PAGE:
My Place - Mary Campisi

On this sunny but chilly Sunday morning, I'm delighted to welcome another fantastic author to My Place - Mary Campisi, published with - amongst others - Carina Press and The Wild Rose Press. Mary writes romance and women's fiction. It's fabulous to have her on board.

Over to Mary...

I grew up in a very small town in northwest Pennsylvania with two older brothers and a younger sister. Small town people are very interesting and looking back, I’m fascinated by the speech, the nuances, the fact that when the owner of a small shoe store died, the sign on the door said ‘Closed due to Joe’s funeral.’ No one in town needed to ask who Joe was, just like I can still call the post office there and mention our family name and that starts a domino who’s who. My mother, at eighty-three still lives in the same house where we grew up and has the same phone number; quite telling, isn’t it?
When I was a child, there were no malls, no McDonalds, and one movie theater that closed in the summer to avoid competition with the drive-in. (One man owned both.) We drove twenty miles to the eye doctor and if we were very fortunate, we got to stop at the new Wendy’s on our way back home for a single burger and fries. We were sadly lacking in funds but so was just about everyone else in our town which made us feel pretty normal. 
What we did have was a wonderful library…about two miles away. I walked there at least once a week and fell in love with the characters and places I read about. It was then I began creating different endings to some of the stories I read, and if I didn’t want the story to end, I continued it on in my head—exactly the way I wanted it! Though I moved away and lived in different cities and states, family and the small town community have always stayed with me and are often central themes in my stories.

My Place:
Holly Springs, New York – setting for PULLING HOME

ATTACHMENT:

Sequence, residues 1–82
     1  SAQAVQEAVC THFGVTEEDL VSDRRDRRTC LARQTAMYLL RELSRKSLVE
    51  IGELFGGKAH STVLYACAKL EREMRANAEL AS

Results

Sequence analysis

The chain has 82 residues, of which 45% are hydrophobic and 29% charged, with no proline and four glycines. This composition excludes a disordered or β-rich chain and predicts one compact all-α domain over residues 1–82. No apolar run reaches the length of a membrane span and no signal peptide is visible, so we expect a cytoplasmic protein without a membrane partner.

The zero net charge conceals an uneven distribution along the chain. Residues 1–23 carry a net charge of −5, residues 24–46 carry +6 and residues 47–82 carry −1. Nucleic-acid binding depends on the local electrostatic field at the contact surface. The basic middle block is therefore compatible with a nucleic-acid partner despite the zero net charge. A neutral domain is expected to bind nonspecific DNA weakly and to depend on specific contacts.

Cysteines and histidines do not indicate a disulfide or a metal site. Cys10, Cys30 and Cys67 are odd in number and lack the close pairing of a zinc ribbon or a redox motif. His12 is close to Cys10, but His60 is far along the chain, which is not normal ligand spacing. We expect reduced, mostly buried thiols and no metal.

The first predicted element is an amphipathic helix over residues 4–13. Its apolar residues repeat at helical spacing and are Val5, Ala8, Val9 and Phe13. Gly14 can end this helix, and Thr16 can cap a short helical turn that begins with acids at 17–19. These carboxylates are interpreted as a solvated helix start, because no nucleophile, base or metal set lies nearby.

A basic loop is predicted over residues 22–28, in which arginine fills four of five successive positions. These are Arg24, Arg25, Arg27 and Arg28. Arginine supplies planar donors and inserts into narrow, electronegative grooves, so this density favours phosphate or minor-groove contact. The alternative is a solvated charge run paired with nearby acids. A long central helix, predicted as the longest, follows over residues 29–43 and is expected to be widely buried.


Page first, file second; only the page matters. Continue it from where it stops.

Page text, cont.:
Holly Springs, New York is a small town filled with curious people who have formed their own opinions— right or wrong—based on hearsay, past histories, and events woven together. One such tale has to do with the heroine, Audra Valentine Wheyton. The town long ago passed judgment on her and her dead mother…the pulse and sentiment of the community is felt in the words of the coffee klatch, a group of older women who gather several times a week at the home of Audra’s mother-in-law, Alice, a woman who has known her own share of grief and heartache and despite being a kind and God-fearing woman, can’t forgive Audra for stealing her son away.

I chose a small town setting for the intimacy and also to show what can happen when unfounded rumors are taken to heart. Holly Springs has long been Audra’s biggest enemy but may end up being her savior….

Pulling Home
She’ll risk anything to save her child…even the truth
It’s taken nine years and a cross-country move, but Audra Valentine Wheyton has kept her secrets safe. She’s created the perfect life—a husband who loves her, a daughter she adores, and a position as head writer for an award-winning daytime soap. When her husband dies suddenly, Audra returns to her hometown for the funeral and faces a community that has not forgotten her meager beginnings and a man who has never forgiven her for marrying his brother.
Jack Wheyton is a successful pediatric neurosurgeon who is about to become engaged when Audra walks back into his life with her daughter. He forgave his brother long ago for taking something that had been his, something he hadn’t even realized he wanted until it was gone. But forgiving Audra is another story…and forgetting her? Near impossible.
When a shattering illness strikes Audra’s daughter, she turns to Jack to save her child and risks exposing a secret that will change their lives forever. 

  Jack hugged his aunt, relieved for the few extra seconds before he had to confront his brother’s wife.  When the Heaven Scent threatened to send him into a sneeze attack, he eased from his aunt’s grasp and pecked her cheek. “I know, Aunt Ginny, I know.” Then he straightened and faced her.